When I first booked the interview with Cathy and Todd for their Zen Parenting Radio Podcast, it seemed like a really good idea. I’ve been an admirer of their work and their mission ever since I discovered their podcast 2 years ago, and I was thrilled and honored when they invited me to share my story with their listeners.

In the months between the booking and the interview, though, my anxiety level skyrocketed. Of all the feelings I have felt these last few months, not one of them could be labeled as “zen,” or even in the neighborhood of “zen.” I’m in the middle of a divorce, I’m learning to navigate my new life as a halftime, single mom, I’m in a new same-sex relationship, and I have a new focus at Threads that is pushing me way outside my comfort zone. So basically, I’m feeling pretty un-zen nearly all the time.

The night before my flight to Chicago was not a particularly restful one, as I mentally rehearsed every possible excuse I could invent for getting out of this interview. My flight was cancelled! I have food poisoning! Ooh, ooh, I’ve got it. One of my kids is sick and I couldn’t possibly leave her. That’s definitely something a Zen Parent would do.

“You promised yourself you wouldn’t wait until every lesson and experience could be tied up with a pretty little bow before you share yourself with others.”

And then, my stupid conscience spoke up: “Do it. Do it afraid if you have to, but do it. You promised yourself you wouldn’t wait until every lesson and experience could be tied up with a pretty little bow before you share yourself with others. So you take your fear and your anxiety and you get on that plane.”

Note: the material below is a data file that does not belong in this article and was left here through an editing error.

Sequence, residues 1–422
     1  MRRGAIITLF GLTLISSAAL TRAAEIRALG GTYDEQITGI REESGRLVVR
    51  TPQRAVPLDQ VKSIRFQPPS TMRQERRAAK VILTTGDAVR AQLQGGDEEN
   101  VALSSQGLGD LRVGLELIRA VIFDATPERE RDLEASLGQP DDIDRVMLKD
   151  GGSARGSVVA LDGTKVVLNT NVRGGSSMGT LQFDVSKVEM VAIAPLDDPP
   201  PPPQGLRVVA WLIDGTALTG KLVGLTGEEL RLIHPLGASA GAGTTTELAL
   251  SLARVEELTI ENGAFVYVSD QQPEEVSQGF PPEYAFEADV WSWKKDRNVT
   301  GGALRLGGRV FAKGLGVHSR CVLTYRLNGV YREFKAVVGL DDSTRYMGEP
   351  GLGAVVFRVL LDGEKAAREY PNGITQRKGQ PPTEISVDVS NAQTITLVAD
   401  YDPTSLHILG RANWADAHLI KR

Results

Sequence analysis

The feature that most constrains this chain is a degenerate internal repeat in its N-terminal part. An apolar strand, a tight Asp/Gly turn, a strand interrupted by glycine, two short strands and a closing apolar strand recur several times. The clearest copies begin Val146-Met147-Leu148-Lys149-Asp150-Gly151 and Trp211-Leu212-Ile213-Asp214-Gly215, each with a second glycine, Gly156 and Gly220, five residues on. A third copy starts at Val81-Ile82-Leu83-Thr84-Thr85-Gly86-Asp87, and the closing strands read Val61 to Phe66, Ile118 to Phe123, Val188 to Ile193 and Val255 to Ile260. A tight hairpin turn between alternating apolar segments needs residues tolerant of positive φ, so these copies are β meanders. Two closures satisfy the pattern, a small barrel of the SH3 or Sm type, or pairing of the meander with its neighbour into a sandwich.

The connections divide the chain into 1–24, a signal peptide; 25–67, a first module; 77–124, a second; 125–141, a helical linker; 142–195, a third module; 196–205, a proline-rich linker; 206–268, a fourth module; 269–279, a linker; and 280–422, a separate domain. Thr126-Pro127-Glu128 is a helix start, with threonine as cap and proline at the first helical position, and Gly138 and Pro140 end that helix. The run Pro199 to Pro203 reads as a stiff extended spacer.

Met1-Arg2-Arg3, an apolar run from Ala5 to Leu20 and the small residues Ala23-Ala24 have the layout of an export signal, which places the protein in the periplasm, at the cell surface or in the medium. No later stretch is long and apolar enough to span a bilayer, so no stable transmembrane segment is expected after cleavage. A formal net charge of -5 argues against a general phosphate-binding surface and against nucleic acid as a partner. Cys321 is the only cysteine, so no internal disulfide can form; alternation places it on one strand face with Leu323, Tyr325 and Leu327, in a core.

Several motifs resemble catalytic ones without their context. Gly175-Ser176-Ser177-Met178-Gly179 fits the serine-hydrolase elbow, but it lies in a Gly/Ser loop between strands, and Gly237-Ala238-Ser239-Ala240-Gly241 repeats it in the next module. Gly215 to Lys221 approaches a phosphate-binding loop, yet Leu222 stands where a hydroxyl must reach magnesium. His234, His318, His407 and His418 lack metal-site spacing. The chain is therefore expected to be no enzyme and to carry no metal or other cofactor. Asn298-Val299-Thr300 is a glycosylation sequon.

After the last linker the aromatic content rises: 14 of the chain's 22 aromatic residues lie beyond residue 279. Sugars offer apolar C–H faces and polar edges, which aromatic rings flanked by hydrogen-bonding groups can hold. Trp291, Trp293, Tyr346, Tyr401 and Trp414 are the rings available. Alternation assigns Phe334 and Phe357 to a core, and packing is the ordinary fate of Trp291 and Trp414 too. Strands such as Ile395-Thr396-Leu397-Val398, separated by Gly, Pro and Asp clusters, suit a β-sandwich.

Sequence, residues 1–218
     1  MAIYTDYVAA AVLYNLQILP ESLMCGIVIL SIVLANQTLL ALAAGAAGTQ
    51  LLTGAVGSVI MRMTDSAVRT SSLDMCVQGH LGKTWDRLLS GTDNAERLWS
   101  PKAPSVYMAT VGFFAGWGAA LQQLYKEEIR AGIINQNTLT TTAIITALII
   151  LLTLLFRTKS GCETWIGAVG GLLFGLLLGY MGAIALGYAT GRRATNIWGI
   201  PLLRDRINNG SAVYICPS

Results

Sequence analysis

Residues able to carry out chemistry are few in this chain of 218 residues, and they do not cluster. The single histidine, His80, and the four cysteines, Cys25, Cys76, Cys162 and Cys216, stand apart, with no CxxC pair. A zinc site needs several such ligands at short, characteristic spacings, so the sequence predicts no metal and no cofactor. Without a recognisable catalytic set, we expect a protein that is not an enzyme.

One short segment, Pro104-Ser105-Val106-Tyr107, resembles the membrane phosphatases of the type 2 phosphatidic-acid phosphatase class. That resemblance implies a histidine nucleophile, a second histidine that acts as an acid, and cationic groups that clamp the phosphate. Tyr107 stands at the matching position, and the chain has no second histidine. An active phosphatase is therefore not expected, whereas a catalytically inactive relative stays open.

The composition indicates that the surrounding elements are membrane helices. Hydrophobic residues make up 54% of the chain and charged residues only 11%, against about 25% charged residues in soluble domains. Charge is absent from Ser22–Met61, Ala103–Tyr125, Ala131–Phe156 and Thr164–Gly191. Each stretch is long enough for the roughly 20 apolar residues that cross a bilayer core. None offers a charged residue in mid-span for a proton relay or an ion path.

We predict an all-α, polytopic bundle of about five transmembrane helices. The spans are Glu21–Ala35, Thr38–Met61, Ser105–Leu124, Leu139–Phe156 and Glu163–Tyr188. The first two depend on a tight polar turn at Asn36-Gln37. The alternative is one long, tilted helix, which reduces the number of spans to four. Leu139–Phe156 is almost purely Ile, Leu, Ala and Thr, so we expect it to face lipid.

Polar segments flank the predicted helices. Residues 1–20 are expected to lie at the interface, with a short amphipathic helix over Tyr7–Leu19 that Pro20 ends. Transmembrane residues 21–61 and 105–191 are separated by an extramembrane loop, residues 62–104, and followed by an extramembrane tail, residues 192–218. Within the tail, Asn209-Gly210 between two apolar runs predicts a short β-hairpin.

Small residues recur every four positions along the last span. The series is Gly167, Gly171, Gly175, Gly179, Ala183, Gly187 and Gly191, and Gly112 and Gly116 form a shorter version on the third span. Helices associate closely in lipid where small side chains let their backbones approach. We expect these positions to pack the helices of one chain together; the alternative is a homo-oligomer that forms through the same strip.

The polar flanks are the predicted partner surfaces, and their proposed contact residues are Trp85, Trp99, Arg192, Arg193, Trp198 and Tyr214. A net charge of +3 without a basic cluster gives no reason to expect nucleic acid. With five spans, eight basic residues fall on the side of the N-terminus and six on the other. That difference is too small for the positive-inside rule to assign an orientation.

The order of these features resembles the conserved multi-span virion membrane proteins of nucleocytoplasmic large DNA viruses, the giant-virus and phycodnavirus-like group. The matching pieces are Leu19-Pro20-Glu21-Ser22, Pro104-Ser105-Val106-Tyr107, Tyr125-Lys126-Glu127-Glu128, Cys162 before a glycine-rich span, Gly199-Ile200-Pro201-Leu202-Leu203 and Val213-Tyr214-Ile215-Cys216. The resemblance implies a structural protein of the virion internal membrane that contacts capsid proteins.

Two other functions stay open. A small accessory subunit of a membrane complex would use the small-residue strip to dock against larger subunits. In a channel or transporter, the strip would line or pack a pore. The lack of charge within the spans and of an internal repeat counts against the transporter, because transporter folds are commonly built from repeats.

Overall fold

So I got on the plane.

Cathy greeted me upon my arrival at the studio. “How are you?” she asked.

I answered, “I’m good. Well, pretty good. Sometimes I’m good? And a decent amount of the time, I’m a freaking mess.” Thank goodness Cathy is a soul sister. She laughed, shook her head knowingly, and we dove right in together.

Cathy and Todd began the podcast by sharing their motto: “the best predictor of a child’s well-being is a parent’s self understanding.” I took a deep breath as I let this statement wash over me. I am not here to pretend that I’m “zen” or prove that I’m a certain way as a parent or a partner or a human. I’m here for one reason: to share what’s true for me. The truth may not feel pretty or eloquent or earth shattering or wise, but it is true and raw and real. And it’s mine.

One of our Threads Family Values is to create safe and nurturing communities as we “celebrate courage, vulnerability, and authenticity over perfection.” Although easy to offer to others, I struggle every day to give that level of grace to myself. I would so much rather be perfect! But that’s not the way we do things at Threads. We show up. We show up scared and anxious if we have to, but we keep showing up.

I’m so grateful I showed up in Chicago to spend an hour with Cathy and Todd and their Zen Parenting listeners. In sharing my story with them, I began to feel a true appreciation for where I am today, in this place of discovery, possibility, and creation. I found a way to release my anger and blame (at myself!) for not having everything figured out, and discovered a newfound excitement for what lies ahead.

To hear my conversation with the masters of Zen Parenting, go to: http://zenparentingradio.com/podcasts/446

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